Within the scope of the Old City Harbour development, Port of Tallinn is planning the construction of a new terminal for cruise tourists, which is to be designed with the principles of sustainability and smart solutions in mind and to transform the area that has so far been primarily meant for cruise tourists into a holistic and attractive urban space.
According to Valdo Kalm, chairman of the management board of Port of Tallinn, sustainability and smart solutions for higher effectiveness have become key words in global marine transportation and in the Baltic Sea region alike.
“Being ‘green’ is not merely a fad word, but our clear business goal,” Kalm said in May during the Green Cruise Port seminar ‘Smart Cities, Smart Buildings and Smart Solutions’, held in the Estonian Centre of Architecture and focusing on sustainable, innovative and environmentally meaningful solutions. “In the future developments of the port, smart and environmentally friendly solutions will give us a definite competitive advantage and, consequently, contribute to success in business.”
Kalm noted that the management board of Port Tallinn would apparently introduce the proposition concerning the construction of a new cruise terminal to the supervisory board at the end of this year. The project draws inspiration from success stories of ports in other regions as well as city architects’ recommendations on creating a combination of a well-functioning infrastructure and urban environment.
“The new cruise terminal, catering for the demands of passengers and operators as well as the future trends of the global cruise business, will be environmentally compatible and full of innovative smart solutions so that the guests of Tallinn arriving by cruise ships can enjoy smooth and convenient services,” Kalm said. “At the same time, we aim to open the cruise pier area for city residents by creating a well-planned and easily accessible urban space.”
Challenge for ports: the Hamburg experience
According to Sacha Rougier, the managing director of one of the Europe’s largest cruise line operators Cruise Gate Hamburg, a subsidiary of Port of Hamburg, the development of a port infrastructure with the use of smart solutions and with regard to the needs of tourists and operators will contribute to the substantial saving of energy and infrastructure use as well as the passengers’ and operators’ time.
“Ports should, on the one hand, reduce their dependence on traditional energy sources and, on the other hand, keep looking for solutions that would decrease energy consumption and expenses,” Rougier said. “From the traveller’s point of view, terminals of the future should be more compact, featuring, for example, smart check-in and smooth luggage handling in cooperation with airports and other transportation hubs as well as uniform and thereby significantly faster border crossing and customs procedures.”
According to Rougier, what cruise ship operators consider important is the capability to handle larger and larger vessels and provide more and more alternative energy sources, such as electricity or bunkering with liquefied natural gas (LNG).
Challenges for operators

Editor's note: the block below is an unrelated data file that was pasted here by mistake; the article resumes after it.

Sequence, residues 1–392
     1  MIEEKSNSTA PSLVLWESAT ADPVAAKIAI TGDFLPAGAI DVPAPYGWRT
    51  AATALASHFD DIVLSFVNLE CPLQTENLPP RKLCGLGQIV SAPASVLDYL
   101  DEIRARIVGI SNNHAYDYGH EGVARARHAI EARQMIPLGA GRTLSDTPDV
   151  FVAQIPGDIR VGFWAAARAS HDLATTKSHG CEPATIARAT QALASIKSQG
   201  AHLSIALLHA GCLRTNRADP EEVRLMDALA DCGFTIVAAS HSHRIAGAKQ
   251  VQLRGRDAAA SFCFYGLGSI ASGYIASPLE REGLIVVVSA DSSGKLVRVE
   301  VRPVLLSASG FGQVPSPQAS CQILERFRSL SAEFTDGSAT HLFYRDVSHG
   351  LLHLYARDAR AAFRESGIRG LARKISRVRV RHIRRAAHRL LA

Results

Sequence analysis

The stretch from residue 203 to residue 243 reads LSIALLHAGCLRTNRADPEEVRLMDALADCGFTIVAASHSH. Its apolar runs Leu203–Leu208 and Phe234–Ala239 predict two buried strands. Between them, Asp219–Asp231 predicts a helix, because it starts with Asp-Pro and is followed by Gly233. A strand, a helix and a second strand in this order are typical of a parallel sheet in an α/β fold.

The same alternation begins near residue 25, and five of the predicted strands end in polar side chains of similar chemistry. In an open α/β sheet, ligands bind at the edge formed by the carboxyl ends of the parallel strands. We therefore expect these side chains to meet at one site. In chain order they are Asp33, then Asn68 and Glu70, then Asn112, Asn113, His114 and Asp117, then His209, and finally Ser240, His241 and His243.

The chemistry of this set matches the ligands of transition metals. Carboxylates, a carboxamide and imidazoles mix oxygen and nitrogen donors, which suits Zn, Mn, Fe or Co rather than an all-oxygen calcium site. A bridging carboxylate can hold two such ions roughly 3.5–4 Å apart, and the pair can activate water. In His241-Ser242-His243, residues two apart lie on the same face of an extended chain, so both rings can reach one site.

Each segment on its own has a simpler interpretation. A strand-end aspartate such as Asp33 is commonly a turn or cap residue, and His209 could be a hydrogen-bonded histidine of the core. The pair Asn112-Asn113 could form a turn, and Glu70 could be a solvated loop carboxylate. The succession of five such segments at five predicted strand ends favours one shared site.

In his turn at the seminar, Ukko E. Metsola, vice-president of one of the world’s leading cruise operators Royal Caribbean International, noted that the solution of environmental issues (for example, vessel waste and sewage reception) and compliance with the relevant stringent requirements are becoming more and more of a challenge for ports and vessel operators.
“This is why we would like to hope that Estonia’s upcoming presidency of the European Union will be the period when the maritime regulation pertaining to the matter will be clarified, which, in 2019, will allow new ships to start visiting those ports of the Baltic Sea, considered to be an especially sensitive area, where there are no sewage reception pipelines permanently connected to the shore network, and existing ships will be able to start coming to such ports in 2021,” Metsola said.
“Providing cruise operators with a continuing opportunity to visit ports with no sewage pipelines and to dispose of sewage at the next stop if the vessel has sufficient container facilities as well as creating the appropriate compensatory mechanisms will be of use for the entire sector, including the ports of Tallinn and Helsinki, which have already made the necessary investments,” he added.
What is going to make the Baltic Sea region an even more attractive area for cruises is the opportunity to visit smaller destinations, for example, Saaremaa, in addition to large ports.
Green Cruise Port Seminar was held on 18-19 May in Tallinn, at the Estonian Centre of Architecture. The first seminar day focused on topics of smart city, smart buildings and smart terminals and the second day on more cruise specific themes.
GREEN CRUISE PORT (GCP) is a project in the EU Interreg Baltic Sea Region Programme 2014-2020. In GCP port authorities from around the Baltic Sea and the neighbouring North Sea are working together with other main cruise stakeholders, to make the BSR more innovative, more sustainable and better connected, from a cruise tourism perspective.
GREEN CRUISE PORT elaborates a multidimensional strategic approach for a sustainable and qualitative future development for cruise shipping in port areas.